Science & Military2021-12-14
At least 74 people in Kentucky have been confirmed dead after a barrage of tornadoes hit large parts of the U.S. state on Friday night and residents could be without heat, water or electricity in frigid temperatures for weeks or longer, the state's governor Andy Beshear warned on Monday.
Kentucky was the worst hit by far in the cluster of twisters across several states, remarkable because they came at a time of year when cold weather normally limits tornadoes. Beshear said that the death toll was likely to rise as 109 other people remained unaccounted for. The dead, including at least six children, ranged from 5 months to 86 years old in age.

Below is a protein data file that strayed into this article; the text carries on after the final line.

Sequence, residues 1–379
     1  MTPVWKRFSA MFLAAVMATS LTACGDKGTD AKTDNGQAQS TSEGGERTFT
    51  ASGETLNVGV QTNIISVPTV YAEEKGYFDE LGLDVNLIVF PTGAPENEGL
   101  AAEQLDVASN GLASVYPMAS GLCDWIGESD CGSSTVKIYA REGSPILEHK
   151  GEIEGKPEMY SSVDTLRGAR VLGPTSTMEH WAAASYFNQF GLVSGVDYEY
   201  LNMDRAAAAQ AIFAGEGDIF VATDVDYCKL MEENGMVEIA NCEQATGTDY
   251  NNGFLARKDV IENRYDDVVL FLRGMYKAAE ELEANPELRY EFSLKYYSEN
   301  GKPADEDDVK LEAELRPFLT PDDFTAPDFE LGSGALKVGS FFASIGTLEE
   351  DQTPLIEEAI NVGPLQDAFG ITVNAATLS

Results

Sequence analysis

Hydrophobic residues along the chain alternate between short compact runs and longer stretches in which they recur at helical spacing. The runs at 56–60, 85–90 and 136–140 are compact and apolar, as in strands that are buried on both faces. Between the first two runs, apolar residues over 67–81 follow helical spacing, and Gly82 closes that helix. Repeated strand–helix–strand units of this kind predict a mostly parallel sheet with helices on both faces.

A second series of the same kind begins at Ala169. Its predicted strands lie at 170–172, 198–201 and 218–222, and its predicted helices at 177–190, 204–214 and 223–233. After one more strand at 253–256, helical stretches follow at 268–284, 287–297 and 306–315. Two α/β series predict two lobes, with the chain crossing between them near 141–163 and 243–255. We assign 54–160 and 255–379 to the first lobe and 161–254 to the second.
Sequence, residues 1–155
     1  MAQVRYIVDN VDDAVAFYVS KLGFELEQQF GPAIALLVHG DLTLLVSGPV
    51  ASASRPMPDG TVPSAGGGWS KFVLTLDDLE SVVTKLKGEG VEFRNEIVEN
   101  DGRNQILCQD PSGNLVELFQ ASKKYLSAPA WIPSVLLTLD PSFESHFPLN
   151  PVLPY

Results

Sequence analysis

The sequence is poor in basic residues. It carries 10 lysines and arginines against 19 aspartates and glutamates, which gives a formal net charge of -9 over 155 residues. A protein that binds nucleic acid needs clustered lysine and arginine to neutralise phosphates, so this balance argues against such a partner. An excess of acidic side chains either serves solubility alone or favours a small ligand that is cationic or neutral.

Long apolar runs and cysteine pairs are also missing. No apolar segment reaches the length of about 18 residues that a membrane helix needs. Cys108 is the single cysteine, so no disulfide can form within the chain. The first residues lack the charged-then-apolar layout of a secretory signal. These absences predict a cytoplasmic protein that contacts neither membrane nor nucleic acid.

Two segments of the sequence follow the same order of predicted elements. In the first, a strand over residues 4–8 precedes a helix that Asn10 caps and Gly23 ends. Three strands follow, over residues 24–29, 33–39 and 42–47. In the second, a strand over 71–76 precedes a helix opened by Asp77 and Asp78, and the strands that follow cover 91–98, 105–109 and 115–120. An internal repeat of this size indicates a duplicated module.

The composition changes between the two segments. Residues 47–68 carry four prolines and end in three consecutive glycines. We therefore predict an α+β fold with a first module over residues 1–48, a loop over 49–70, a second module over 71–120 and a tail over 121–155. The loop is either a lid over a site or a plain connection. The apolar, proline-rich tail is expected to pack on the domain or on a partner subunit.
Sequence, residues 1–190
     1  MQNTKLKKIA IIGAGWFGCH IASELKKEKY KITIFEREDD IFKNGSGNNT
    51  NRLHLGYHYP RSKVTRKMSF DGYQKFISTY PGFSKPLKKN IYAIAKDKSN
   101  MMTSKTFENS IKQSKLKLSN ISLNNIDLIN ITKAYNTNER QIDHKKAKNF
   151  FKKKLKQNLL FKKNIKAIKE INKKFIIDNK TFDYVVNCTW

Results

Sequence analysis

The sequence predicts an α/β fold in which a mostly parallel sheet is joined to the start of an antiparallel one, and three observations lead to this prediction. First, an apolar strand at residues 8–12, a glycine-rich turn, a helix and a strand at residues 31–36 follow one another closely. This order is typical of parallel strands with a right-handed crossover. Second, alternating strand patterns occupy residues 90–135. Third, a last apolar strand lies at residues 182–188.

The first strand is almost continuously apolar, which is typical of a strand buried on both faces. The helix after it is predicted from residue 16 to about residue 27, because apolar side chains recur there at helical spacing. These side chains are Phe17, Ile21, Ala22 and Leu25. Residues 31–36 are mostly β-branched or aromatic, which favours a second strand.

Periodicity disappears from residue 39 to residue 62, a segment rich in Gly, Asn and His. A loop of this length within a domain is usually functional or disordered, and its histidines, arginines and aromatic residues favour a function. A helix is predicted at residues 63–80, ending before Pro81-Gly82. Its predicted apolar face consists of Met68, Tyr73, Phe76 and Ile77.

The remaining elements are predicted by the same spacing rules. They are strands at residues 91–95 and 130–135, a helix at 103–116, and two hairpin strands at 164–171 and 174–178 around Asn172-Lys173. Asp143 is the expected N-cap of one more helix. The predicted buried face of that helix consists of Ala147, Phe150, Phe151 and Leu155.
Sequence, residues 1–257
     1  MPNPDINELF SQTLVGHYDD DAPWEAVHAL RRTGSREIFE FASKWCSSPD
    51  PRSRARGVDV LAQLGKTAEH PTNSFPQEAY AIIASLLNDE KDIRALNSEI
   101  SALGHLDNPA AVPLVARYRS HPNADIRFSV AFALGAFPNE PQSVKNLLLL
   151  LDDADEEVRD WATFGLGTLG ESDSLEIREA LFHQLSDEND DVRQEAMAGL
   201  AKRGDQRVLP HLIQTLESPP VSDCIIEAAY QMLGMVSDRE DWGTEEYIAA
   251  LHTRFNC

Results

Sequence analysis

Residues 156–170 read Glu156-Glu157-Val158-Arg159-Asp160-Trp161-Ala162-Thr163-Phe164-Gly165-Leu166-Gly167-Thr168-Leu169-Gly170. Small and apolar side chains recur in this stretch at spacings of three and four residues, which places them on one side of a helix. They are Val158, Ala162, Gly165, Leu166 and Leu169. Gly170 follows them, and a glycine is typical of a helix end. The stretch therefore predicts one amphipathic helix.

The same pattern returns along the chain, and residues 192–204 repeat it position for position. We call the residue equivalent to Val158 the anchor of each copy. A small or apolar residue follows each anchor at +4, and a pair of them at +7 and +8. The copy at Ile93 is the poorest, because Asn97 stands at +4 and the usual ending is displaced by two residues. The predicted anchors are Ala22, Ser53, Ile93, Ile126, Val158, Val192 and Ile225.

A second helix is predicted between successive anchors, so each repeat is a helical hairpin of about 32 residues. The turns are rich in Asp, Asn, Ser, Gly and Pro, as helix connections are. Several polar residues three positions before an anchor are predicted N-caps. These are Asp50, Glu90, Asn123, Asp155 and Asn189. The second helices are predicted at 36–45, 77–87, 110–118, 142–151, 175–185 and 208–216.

As the search continued for those still missing in Kentucky, efforts also turned to the repair of the power grid, sheltering those whose homes were destroyed and delivering drinking water and other supplies to survivors. About 26,000 homes and businesses still lacked power, according to poweroutage.us, including nearly all of those in the town of Mayfield.
More than 300 people in Kentucky, as well as in Arkansas and Tennessee, are being housed in Red Cross shelters, and that number is expected to grow. Hundreds more have been placed temporarily in resorts at area state parks, Kentucky Red Cross Chief Executive Steve Cunanan said. Still others are staying with friends and relatives whose houses were spared.
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